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An article written exclusively for Facilities Show by FMJ
According to a report on the Security Equipment, Access Control and CCTV market by Mintel, the adoption of next-generation security systems and the replacement of legacy systems with newer technology has been a long-term market driver.
Francesco Salau, a leading analyst in the B2B sector, advises that “demand for AI and thermal imaging technology as tools to enforce social regulation compliance at workplaces and venues helped accelerated existing trends, driving further development in favour of greater interoperability and interconnectivity”.
The experts' view
FMJ asked a group of security experts which technologies they’d predict would have the greatest benefits for the security of premises and how digital solutions can support more traditional manned guarding?
Mark Rogers, Sales & Marketing Director, Corps Security predicts that as as COVID restrictions fall away, customers who were previously reluctant to invest in security technology are seeing the benefits of a blended approach to security – where tech complements security officers and responds to the individual business security needs of each site. Some buildings can be remotely locked, and the lights switched off at night, leaving BMS systems to track lower risk points while monitoring temperature, potential flooding and break-ins.
He believes that any technology integration is an investment but, done smartly, can reduce a business’s overall
security spend. The cost savings realised from having people on site only when necessary, for example, offers a great opportunity for businesses to invest this back into their people, paying the Real Living Wage, upskilling officers and training them to work with new technologies more efficiently.
The provision of physical security to a hybrid work model is one of the biggest challenges facing the sector, says Matt Winn, Sr. Director, Public Relations and Corporate Communications at HID Global. This is because it requires FMs to reassess how users access doors, networks and more. New standards such as multi-factor authentication (MFA), ‘passwordless’ authentication and an increase in the use of contactless technologies can help support with this by supporting access and egress for a remote workforce.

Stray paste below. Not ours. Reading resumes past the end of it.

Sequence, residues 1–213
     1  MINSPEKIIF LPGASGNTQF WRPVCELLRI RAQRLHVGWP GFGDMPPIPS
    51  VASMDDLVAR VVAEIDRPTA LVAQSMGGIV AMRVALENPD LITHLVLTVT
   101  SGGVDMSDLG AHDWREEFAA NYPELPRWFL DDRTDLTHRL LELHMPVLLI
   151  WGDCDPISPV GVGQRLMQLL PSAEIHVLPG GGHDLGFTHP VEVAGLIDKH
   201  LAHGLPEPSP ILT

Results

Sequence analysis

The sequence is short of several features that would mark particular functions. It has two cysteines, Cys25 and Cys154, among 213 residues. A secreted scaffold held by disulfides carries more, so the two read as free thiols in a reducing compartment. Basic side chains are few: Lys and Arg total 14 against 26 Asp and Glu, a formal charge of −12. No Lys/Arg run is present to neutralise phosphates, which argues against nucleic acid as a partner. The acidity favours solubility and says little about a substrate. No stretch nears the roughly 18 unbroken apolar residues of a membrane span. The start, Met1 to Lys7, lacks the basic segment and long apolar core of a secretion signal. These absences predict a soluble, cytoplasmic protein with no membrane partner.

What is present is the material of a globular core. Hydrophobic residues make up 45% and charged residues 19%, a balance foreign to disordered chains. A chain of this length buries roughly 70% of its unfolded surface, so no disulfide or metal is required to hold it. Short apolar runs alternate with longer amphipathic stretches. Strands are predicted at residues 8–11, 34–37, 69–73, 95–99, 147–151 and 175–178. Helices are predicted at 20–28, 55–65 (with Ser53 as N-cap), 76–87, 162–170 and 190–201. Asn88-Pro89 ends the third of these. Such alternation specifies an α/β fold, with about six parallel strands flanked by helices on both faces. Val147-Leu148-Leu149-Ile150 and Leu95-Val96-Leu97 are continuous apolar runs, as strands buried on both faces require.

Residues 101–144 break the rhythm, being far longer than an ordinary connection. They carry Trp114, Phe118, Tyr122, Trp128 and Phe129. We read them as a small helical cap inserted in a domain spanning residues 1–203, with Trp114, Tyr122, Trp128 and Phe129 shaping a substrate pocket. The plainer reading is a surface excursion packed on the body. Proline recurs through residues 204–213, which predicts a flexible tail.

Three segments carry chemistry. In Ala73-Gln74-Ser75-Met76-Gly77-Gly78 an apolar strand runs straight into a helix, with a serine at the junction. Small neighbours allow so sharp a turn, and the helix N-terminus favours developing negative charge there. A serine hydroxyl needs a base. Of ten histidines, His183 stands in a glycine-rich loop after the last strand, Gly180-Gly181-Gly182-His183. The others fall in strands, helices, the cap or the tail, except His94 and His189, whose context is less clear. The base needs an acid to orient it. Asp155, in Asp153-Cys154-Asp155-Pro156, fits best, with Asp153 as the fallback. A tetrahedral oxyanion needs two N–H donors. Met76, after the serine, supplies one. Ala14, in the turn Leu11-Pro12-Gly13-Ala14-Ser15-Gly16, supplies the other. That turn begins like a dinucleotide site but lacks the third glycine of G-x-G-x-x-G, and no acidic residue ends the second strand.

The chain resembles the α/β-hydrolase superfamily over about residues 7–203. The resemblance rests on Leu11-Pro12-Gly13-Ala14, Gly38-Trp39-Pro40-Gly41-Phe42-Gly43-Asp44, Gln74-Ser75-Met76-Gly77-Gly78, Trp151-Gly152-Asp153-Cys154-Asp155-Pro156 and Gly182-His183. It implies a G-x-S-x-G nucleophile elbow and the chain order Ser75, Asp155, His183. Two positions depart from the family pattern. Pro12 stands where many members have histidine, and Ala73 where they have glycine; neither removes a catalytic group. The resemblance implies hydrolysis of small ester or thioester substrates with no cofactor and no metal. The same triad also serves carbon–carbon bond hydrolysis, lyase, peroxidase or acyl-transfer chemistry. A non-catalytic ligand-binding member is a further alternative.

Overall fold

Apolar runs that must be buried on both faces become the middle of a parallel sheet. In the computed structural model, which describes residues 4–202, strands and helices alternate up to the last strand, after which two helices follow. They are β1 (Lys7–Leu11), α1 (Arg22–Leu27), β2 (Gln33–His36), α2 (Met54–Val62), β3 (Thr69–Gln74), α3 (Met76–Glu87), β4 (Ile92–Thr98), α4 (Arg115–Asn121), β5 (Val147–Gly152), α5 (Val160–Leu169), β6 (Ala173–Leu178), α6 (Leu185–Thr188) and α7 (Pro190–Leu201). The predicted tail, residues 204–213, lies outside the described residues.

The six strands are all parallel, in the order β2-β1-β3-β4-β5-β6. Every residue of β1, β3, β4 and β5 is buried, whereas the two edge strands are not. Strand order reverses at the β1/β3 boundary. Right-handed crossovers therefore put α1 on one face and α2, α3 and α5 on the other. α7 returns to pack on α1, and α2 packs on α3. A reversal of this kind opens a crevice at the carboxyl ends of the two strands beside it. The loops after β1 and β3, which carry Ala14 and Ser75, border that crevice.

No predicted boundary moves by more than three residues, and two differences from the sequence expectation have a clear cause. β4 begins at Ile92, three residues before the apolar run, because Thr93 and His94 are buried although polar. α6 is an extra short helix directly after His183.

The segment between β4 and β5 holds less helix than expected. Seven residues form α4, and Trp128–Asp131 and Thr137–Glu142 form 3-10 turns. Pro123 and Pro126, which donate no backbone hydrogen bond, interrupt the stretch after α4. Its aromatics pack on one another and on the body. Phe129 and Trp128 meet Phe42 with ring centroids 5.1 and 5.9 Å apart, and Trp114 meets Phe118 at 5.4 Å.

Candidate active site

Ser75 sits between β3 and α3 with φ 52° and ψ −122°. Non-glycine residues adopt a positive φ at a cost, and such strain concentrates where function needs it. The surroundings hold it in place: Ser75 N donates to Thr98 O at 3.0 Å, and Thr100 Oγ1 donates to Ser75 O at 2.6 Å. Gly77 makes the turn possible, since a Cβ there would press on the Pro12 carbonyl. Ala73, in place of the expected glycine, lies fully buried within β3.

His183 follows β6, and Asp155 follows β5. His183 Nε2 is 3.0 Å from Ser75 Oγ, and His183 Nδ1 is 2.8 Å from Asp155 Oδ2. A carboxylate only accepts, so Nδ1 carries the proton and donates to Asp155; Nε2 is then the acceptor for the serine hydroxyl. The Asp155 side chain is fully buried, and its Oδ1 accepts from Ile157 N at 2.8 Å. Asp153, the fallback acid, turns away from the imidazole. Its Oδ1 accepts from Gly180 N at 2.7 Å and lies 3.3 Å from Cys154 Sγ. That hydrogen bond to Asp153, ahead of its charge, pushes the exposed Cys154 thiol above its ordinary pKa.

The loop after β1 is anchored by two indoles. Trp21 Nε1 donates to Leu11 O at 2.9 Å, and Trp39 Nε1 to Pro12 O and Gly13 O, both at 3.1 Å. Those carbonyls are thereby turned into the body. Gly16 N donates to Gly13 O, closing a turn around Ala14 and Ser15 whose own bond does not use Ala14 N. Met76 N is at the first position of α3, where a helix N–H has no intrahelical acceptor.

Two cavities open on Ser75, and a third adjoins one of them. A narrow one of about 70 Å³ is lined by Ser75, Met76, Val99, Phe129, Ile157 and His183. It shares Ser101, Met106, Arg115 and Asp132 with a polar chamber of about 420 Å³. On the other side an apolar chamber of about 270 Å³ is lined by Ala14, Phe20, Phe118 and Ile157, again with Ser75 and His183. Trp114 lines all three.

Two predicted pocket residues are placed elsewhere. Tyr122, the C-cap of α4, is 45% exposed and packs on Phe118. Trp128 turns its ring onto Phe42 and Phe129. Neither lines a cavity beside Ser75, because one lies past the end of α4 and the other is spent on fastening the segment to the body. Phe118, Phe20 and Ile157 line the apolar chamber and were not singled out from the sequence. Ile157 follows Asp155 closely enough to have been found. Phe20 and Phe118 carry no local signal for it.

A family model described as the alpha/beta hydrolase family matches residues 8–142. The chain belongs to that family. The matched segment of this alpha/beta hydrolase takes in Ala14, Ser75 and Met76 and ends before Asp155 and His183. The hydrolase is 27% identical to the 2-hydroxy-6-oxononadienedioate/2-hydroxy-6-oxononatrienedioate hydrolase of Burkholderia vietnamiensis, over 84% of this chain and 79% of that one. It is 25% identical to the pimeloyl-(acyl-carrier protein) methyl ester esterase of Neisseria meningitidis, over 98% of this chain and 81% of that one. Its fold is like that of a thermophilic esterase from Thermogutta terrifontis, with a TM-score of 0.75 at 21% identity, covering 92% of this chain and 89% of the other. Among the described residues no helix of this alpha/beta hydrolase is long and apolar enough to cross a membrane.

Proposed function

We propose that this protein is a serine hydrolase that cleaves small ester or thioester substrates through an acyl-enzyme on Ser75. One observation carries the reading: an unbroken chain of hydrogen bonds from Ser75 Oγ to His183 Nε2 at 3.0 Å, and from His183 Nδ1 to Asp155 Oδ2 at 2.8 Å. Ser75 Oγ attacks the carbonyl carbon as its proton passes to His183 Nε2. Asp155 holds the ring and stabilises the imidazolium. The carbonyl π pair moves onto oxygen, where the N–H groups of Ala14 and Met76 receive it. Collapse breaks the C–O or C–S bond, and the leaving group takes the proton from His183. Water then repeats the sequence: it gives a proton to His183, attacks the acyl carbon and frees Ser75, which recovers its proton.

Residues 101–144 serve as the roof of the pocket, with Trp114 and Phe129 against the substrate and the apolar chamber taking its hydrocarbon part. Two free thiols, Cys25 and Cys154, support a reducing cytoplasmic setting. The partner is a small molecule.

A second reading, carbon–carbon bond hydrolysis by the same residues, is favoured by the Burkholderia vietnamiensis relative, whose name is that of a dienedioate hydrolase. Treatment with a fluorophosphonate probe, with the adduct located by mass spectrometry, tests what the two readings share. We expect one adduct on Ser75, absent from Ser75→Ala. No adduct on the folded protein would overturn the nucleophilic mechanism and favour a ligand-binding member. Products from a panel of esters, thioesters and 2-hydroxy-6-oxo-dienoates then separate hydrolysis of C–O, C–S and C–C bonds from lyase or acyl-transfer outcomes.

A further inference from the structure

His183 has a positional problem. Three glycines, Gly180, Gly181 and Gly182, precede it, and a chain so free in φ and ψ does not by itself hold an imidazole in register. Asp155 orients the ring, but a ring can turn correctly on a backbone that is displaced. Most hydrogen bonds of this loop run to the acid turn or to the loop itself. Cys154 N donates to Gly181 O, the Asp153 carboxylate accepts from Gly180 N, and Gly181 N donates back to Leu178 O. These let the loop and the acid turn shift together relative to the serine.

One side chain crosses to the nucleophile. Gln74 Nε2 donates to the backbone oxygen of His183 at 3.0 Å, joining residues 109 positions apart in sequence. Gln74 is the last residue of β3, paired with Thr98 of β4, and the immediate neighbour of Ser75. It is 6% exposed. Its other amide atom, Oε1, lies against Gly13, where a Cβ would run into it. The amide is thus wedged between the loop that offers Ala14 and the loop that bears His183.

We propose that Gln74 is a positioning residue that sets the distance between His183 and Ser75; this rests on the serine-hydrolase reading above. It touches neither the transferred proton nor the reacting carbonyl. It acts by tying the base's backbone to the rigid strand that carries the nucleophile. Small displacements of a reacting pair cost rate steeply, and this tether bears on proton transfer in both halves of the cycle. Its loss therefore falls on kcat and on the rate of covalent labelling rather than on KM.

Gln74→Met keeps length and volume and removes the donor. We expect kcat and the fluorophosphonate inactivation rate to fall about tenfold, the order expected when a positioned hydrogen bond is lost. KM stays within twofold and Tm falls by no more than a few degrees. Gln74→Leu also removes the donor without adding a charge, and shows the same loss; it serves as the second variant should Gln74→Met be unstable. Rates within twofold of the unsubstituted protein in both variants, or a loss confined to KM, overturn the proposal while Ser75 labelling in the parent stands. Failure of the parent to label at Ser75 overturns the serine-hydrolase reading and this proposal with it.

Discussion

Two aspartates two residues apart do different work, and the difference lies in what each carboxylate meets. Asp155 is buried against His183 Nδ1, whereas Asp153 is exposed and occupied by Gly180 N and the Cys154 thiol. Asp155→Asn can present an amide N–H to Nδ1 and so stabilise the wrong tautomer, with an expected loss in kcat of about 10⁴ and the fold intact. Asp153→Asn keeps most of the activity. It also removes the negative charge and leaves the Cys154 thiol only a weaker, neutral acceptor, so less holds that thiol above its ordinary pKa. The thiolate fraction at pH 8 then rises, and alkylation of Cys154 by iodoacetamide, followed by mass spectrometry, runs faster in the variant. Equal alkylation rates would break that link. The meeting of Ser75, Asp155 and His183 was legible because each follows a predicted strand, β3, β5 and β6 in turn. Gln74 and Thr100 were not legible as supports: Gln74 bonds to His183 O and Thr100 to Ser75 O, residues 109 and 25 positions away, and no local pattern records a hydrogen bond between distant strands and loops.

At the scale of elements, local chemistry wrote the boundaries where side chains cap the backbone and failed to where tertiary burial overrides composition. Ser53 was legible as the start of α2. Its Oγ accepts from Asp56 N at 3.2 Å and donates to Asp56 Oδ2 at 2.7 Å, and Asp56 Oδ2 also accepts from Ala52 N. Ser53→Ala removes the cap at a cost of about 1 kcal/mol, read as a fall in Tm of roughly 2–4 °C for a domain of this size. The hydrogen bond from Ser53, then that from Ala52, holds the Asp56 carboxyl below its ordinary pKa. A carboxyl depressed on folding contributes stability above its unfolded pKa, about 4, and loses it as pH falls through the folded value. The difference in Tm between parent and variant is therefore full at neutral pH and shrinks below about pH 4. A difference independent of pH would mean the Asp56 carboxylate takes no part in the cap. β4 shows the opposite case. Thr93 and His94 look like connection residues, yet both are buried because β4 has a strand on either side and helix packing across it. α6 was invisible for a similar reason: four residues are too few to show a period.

The increased use of physical and logical security also offers users the benefits of producing a steady and growing flow of information. Data such as this creates context around human behaviours and patterns of activity, whether in a physical space or in a network. These insights help to highlight anomalies, empowering security professionals to more quickly identify or predict abnormal behaviours.
Security and Health & Safety are closer than ever argues Stephen Webb, Director of Technology Solutions, Bidvest Noonan. The focus of security will always be on securing people, places, and assets, but it has drawn closer to safety in recent time, with a range of supporting technologies. He says that a blending of manpower and technology could for example extend to the use of a remote video surveillance program, enabling a saving or in certain instances, a redeployment of site operatives.
When these technologies are correctly selected and deployed, along with a remote video monitoring resource and mobile response service, an extremely effective and efficient security solution can be delivered to both manned and unmanned locations.
But as Rogers concludes, suppliers can only provide high quality service if they ask the FM teams the right questions.
"That’s the first step in mitigating specific risks to premises. It’s important to recognise the individual security drives for a business, and how serious and prevalent these risks are. Then it’s a case of demonstrating the know-how involved in adding value to the security provision on offer. It’s about implementing the right solution that will take care of your assets and people, and tech often plays a big part in that."
FM Clinic on the security sector will be published in the March issue of FMJ